Amazonian Heat Wave…

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Buenas Noches…it is after 7 pm in Cusco, Peru. I feel as if I had way too many Pisco Sours as we are at 9,000 feet in this gorgeous Incan city.

We flew in late afternoon from the Amazon and let me tell you if you a faint of heart, menopausal, or affected by extreme heat, do not attempt the jungle.

Inkaterra Reserva Amazonica
Inkaterra Reserva Amazonica

We arrived in Puerto Maldonado, an extremely poor remote town with the best access to the rainforest lodges. We were taken by boat to Inkaterra Reserva Amazonica. The Madre Dios river is one of the tributaries of the Amazon and flows into Bolivia…wide, muddy with high banks, caiman alligators, cows and naked children bathing outside.

Caiman Alligator
Caiman Alligator
Our room
Our room
Sunrise Thrugh Mosquito Netting
Sunrise Thrugh Mosquito Netting

The resort was lovely. Our room was all open so a bit of modesty was necessary. My favorite part was hangin’ in the hammock in the front room with a view of the river.

Relaxing In My Hammock
Relaxing In My Hammock

The first night we look an evening cruise on the river and spotted indigenous birds, caiman alligators and a million stars. The Southern Cross shined brightly and is upside down below the equator.

Canopy Walk
Canopy Walk

Up early for a trek through the rainforest and a walk on the wild side above the trees. We climbed 155 steps up a tower, at the very least, 50 feet in the air. We then traversed 6 walkways and ended at a treehouse where you can spend the night for 2,000 sol. For that price,  give me the Four Seasons.

We then hiked deeper into the rainforest to the wetlands and spotted monkeys, a three-toed sloth and a plethora of insects. By then, I was ready to throw my saturated body in amongst the alligators.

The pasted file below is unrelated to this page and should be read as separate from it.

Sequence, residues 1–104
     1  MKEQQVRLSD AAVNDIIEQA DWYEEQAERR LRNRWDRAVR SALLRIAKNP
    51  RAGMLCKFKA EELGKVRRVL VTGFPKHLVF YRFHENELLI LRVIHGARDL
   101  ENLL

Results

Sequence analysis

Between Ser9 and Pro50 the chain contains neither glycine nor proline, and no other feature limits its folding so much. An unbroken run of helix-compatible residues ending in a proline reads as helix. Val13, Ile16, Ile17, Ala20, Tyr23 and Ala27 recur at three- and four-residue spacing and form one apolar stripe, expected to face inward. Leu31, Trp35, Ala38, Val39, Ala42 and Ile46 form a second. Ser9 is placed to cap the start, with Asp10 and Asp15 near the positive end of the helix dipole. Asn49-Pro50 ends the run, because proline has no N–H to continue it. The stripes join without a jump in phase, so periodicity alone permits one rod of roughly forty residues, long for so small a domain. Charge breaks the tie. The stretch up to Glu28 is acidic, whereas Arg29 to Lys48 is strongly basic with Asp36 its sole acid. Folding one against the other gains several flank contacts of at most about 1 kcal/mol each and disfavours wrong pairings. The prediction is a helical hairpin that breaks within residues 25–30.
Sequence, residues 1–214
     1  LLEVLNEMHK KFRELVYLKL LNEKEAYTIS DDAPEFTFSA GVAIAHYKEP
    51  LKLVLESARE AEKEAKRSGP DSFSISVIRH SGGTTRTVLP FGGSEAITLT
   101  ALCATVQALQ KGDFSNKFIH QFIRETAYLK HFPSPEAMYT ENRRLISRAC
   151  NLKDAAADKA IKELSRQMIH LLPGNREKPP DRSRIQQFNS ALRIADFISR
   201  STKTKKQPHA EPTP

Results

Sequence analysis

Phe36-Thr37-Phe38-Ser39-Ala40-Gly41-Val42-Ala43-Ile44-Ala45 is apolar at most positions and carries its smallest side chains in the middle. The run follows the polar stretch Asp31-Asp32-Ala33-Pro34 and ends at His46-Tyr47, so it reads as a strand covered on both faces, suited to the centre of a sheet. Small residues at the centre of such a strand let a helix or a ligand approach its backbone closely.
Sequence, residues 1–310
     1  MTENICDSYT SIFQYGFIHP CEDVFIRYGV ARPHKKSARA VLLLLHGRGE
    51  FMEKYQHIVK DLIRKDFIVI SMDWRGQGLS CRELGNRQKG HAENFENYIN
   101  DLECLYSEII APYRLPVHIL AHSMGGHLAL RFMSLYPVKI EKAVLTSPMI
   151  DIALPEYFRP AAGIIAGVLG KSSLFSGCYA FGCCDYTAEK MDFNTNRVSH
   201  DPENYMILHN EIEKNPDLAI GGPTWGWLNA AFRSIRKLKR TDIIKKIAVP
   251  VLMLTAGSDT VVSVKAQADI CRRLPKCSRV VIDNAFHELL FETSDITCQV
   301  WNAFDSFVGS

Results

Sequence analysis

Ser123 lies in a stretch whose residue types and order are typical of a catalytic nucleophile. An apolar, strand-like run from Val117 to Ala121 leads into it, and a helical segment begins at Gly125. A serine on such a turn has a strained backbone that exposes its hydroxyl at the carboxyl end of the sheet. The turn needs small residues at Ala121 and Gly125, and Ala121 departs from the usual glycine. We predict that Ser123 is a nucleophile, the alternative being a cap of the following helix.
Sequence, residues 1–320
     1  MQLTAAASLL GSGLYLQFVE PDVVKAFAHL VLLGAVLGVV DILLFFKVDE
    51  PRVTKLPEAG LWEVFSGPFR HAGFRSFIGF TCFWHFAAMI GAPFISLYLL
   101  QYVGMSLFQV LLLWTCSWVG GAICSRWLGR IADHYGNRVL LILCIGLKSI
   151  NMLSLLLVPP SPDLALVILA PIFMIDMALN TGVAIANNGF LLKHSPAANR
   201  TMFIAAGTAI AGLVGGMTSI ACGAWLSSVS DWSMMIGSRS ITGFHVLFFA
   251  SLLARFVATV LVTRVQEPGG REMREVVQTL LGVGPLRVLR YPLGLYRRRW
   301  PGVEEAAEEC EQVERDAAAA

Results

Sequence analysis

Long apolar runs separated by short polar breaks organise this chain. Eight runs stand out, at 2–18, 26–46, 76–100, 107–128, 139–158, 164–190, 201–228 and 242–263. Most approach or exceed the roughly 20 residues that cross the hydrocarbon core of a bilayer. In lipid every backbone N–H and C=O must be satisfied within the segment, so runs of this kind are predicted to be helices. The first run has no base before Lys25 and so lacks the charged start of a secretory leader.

Red Howler Monkey
Red Howler Monkey

On the way back to the eco lodge it was 97 degrees with 100% humidity. We were in our $100 bug repellent shirts from REI (I actually experienced bugs dying on my shirt, leaving streaks of blood) and waterproof long pants, heavy socks and rubber boots because the mud was a foot deep…not dressed for the heat.

A shower was the greatest moment of my life. Clean and fed, I realized that I must be suffering heat stroke and delirium because, when I regained consciousness, I was back on the river headed to Lake Concepcion to paddle around a lake area filled with birds and red howler monkeys…no anaconda, thankfully.

Most of the people were older at the lodge and boring…we did meet a wonderful family from Arizona, with the ages ranging from 9 to 86.

I also became friendly with the resident tapir. A tapir is a large mammal that despite it’s pig-like appearance, is believed to be most closely related to horses and rhino. Thy have a long snot and are herbivores. Tapirs are on the endangered species list because humans hunt them for food and their leathery skin.

Tapir
Tapir

Today, we took an hour boat ride back to the shores of Puerto Maldonado. We hopped an open air bus and drove on to the airport.

bus

We touched down in Cusco in the afternoon, dropped off our bags and perused the medieval, Spanish colonial Plaza  and was able to revel in the splendid sunset.

Thankfully, the temperature is dropping to 40 tonight. Fingers crossed, I am presently malaria and yellow fever free.

Sunset In Cusco
Sunset In Cusco

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